I’ve always enjoyed looking at cutaway drawings and plans, as they offer an insight into objects such as buildings, ships, cars, and aircraft, that otherwise may go unseen. If cutaways are your thing as well, here’s a collection put together by Tony Dilworth.
The current flag of the United States of America, that features fifty stars, one for each member state of the union, flew for the first time on Independence Day, 4 July 1960. During the 1950s however, much thought had been given to how the flag should look once Alaska and Hawaii became fully fledged states, which they did in 1959.
This prompted US citizens to send their – often unsolicited – design ideas to the President, Dwight D. Eisenhower. Of the three thousand submissions, one by then high school student Robert G. Heft, was chosen. And the rest is history, as they say. But now, a selection of ideas that were rejected, have been published in a book, Old Glory.
There were certainly some interesting proposals put forward, that’s for sure.
London based illustrator and graphic designer Rocco Dipoppa certainly knows how to make an impression on clients, he presents them with a vinyl record, one that plays, that comes in a hexagonal shaped sleeve.
It’s just one part of his adept identity branding, that also includes business cards, letterhead, and project agreement forms.
I don’t read books, I only look at the design of their covers. That’s not quite correct, but sometimes it can be hard to go passed a good book cover. Anyway, here’s a selection of book covers from titles that have been published in the last month or so.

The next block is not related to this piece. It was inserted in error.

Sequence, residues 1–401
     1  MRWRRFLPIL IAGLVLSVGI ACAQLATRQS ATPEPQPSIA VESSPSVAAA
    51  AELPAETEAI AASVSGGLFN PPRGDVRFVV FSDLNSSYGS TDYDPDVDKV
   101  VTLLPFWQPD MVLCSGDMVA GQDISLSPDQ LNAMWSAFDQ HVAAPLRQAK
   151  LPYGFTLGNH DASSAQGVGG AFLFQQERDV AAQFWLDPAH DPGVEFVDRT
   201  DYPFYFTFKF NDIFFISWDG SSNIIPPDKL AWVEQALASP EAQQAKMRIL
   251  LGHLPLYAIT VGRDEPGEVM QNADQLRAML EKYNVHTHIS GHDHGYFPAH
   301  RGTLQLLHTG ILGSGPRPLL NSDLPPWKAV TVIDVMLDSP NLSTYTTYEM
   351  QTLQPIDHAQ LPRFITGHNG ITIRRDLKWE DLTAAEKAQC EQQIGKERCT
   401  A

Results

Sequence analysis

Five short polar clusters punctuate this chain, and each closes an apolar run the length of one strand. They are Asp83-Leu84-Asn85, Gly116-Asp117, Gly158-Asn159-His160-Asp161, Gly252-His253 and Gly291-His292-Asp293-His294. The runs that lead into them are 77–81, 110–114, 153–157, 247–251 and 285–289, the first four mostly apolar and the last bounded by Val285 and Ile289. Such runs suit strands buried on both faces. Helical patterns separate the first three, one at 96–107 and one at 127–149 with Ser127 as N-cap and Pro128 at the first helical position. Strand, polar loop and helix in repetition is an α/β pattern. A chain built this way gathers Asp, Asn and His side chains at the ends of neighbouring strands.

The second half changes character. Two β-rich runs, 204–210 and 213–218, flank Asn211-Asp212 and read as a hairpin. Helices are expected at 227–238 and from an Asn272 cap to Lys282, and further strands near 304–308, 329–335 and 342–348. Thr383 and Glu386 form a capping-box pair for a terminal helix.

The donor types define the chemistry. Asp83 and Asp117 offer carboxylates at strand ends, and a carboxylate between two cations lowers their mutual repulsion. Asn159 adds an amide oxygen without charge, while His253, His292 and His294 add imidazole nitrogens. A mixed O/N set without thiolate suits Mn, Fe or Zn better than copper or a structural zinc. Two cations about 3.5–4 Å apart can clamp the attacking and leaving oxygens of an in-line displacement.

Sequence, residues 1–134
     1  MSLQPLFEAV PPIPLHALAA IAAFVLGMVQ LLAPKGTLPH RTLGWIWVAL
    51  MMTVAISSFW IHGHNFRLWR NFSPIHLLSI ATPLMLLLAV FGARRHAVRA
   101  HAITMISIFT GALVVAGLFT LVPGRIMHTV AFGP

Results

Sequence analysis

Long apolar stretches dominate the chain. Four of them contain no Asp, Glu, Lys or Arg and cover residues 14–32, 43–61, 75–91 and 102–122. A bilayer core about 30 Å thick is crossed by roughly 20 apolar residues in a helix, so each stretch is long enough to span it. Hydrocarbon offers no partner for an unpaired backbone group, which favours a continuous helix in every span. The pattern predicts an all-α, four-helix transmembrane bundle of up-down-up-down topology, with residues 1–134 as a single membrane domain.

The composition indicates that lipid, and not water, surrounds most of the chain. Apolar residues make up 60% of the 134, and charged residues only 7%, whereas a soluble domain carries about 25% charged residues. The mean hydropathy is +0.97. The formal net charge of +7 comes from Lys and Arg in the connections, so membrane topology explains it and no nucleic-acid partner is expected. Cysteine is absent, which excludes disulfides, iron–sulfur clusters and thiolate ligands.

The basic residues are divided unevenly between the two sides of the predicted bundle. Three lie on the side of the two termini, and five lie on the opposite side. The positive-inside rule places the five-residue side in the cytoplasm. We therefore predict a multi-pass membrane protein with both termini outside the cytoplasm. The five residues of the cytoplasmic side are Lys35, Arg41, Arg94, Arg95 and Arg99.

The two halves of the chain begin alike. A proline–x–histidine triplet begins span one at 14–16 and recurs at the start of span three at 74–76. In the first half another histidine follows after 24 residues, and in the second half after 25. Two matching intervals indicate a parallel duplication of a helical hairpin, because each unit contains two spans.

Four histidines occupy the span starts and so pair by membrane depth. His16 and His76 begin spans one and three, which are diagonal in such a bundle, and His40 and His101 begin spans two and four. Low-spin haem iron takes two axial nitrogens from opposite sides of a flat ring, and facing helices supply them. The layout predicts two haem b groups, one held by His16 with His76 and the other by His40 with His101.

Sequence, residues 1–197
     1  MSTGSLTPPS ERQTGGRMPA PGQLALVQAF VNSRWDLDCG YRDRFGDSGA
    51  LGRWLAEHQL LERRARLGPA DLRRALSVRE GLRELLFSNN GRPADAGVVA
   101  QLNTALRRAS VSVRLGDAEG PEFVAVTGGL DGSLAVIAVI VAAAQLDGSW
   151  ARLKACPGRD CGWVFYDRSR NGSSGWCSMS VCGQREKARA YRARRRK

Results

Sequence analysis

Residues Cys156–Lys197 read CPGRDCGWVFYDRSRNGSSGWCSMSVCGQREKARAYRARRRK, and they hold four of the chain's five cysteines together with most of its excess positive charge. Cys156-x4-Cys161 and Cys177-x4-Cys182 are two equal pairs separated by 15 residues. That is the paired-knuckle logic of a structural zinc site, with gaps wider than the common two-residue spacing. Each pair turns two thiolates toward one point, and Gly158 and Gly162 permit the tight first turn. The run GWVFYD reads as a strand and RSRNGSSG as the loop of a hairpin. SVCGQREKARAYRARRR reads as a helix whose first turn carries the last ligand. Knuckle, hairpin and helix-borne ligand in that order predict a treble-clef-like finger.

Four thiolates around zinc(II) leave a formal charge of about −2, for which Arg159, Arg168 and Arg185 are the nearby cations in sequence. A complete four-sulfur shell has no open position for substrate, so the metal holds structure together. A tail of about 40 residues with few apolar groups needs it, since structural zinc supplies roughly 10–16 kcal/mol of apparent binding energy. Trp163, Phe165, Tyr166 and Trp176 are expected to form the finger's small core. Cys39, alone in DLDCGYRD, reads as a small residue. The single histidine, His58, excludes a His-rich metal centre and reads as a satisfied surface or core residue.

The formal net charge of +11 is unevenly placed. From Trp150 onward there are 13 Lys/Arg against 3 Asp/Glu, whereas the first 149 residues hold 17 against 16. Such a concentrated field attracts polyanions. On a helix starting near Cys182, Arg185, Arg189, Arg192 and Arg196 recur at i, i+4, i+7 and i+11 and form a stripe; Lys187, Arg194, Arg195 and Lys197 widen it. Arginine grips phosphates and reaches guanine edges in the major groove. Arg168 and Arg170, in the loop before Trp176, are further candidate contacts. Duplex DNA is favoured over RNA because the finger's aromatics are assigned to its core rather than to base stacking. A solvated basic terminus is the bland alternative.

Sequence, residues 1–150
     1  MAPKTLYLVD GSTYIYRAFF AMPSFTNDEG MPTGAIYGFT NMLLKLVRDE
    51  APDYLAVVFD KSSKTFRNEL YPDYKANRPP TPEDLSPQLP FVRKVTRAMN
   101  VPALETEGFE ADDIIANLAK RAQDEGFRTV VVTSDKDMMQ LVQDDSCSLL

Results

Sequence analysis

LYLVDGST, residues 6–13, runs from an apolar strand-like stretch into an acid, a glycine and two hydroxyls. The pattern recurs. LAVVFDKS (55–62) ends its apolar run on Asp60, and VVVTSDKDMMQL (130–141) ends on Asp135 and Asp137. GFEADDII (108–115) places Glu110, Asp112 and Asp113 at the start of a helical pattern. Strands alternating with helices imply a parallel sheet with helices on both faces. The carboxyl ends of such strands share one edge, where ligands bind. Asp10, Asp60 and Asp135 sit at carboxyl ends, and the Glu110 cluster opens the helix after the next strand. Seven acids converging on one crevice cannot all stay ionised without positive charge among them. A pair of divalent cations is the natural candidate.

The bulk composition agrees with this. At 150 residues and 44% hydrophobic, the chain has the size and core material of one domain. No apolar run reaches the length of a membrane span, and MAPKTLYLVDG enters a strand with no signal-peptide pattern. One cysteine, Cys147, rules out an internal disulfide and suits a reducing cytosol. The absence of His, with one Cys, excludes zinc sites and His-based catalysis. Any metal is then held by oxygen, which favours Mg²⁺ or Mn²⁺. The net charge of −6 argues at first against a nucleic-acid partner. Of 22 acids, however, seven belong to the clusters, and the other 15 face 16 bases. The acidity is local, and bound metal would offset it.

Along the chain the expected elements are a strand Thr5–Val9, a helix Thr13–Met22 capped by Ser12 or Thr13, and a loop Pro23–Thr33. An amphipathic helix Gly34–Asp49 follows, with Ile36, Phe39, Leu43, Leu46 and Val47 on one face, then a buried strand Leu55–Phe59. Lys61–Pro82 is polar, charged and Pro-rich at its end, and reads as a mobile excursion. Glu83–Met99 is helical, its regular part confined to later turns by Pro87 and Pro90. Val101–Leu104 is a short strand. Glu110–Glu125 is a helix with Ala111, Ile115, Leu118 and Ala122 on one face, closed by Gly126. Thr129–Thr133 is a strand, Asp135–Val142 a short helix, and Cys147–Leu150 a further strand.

It seems to me that wedding cake design is timeless, or wedding cake design of the last one hundred years, anyway. None of the styles seen here could be said to be inextricably bound to a particular time period, or would look otherwise out of place, whatever the year was. Except perhaps the 1986 and 2016 designs.
Mind bending is probably the best way to describe the work of Honolulu-based graphic designer and photographer, Pete Ulatan, who takes photos of well known cities and locations, and folds the images over at ninety degree angles.
Think of the scene in Paris, from the film Inception, and you’ll be with me. If you don’t mind your perceptions of reality being teased, you can see more of Ulatan’s work on his Instagram page.
One day, perhaps in the not too distant future, we may be able to control our smartphones remotely, by way of a temporary tattoo that acts as a touchpad. I could think of other devices that I’d rather control in this fashion, since I almost feel as if my smartphone is attached to me anyway, but the concept has promise.
A good tattoo artist could probably devise some more personalised designs, giving the idea further appeal. If nothing else, the notion beats chip-implants, or brain caps. More information about the technology that makes these touchpad tattoos work, can be found here.